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Labour market reform, Spain

1.5 million Spaniards say No to cuts and labour reforms

A million and a half Spaniards took to the streets of sixty Spanish cities today to protest against labour market deregulation and spending cuts.

Unions estimated the numbers turning out in Madrid alone to be half a million with large numbers marching in provincial capitals as well as smaller urban centres.

This is the latest in a series of mass national and regional days of action in protest at the policies of Mariano Rajoy’s  right wing Popular Party government since it took power in November and follows a call on Friday by the UGT and Comisiones Obreras for a general strike on March 29.

The south saw a particularly strong turn-out with unions estimating that 70,000 people were demonstrating in Seville, 10,000 in Jaen, 12,000 in Huelva, 20,000 in Cadiz, 25,000 in Cordoba, 30,000 in Granada and 50,000 in Malaga.

And Barcelona saw 450,000 descend into the streets, according to  unions.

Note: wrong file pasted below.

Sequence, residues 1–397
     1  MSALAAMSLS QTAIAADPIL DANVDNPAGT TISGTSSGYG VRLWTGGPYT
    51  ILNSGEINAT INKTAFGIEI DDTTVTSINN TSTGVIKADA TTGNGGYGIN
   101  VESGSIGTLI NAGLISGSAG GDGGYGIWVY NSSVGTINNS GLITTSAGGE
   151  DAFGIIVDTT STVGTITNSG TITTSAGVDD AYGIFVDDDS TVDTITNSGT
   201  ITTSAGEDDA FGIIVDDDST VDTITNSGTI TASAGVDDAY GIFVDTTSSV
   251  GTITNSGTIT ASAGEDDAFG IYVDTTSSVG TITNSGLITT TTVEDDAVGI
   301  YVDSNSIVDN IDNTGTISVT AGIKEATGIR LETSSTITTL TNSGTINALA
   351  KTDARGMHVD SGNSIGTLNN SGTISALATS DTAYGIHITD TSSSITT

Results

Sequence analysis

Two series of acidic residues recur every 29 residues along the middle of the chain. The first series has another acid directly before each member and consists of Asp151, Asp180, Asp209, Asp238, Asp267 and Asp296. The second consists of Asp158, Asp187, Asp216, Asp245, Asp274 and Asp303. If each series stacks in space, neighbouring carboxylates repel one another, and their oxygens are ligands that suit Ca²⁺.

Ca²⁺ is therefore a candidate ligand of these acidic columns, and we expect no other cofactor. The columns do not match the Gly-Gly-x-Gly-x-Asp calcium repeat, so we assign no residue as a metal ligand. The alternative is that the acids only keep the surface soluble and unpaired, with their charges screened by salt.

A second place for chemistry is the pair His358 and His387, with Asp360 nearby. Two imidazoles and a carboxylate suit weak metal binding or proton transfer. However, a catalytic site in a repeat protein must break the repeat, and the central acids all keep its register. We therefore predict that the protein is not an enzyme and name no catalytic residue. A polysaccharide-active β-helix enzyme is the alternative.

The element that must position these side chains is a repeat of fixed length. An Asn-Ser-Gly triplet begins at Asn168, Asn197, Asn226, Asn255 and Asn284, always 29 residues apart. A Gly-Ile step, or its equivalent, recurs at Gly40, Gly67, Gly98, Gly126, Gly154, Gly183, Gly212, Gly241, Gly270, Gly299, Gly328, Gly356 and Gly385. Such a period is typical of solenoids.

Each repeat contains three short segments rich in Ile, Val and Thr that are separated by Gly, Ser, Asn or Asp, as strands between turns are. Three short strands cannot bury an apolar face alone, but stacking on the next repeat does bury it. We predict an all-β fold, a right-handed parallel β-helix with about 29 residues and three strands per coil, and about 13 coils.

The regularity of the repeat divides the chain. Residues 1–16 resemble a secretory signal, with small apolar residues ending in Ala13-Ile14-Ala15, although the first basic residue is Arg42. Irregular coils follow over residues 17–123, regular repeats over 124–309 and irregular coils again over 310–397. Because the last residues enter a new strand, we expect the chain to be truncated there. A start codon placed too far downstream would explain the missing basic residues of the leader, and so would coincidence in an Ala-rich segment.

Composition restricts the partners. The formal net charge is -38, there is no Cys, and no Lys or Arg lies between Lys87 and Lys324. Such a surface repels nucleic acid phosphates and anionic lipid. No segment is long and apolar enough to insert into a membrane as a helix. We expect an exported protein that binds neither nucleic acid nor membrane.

The fresh mobilisation against the government comes shortly after the country shocked EU and the markets with an announcement that it was loosening suidical deficit targets.

The EU’s public deficit target bizarrely assumed moderate economic growth this year.

But austerity measures, as unions and the radical opposition United Left have been warning and Greece has shown, have further weakened the public finances.

Spain has begun to dip into a second recession and unemployment has soared to 23% of the workforce and beyond, the highest figure in the EU. February saw a further 112,000 Spaniards added to the ranks of the jobless. The economy is set to shrink by 1.7% this year —with the consequent reduction in tax receipts and increase in social spending.

On Thursday parliament gave the final ok to labour reforms that slash the cost of firing workers and ease conditions under which they can be dismissed.

UGT leader Cándido Méndez today argued they wouldn’t create any employment, as the Government claims, but rather ‘cost a million jobs’. The reforms would mean ‘companies’  first and only response to the crisis will be the sack.’

Ignacio Fernández Toxo, general secretary of Comisiones Obreras, said that instead of labour reforms, the government should look elsewhere to tackle crisis and plug the deficit:  ‘Where are the taxes on companies, the fight against fraud, the financial reforms that reverts credit to the service of the real economy?’


About revoltingeurope

Writer on Europe's Left, trade union and social movements @tomgilltweets or @revoltingeurope


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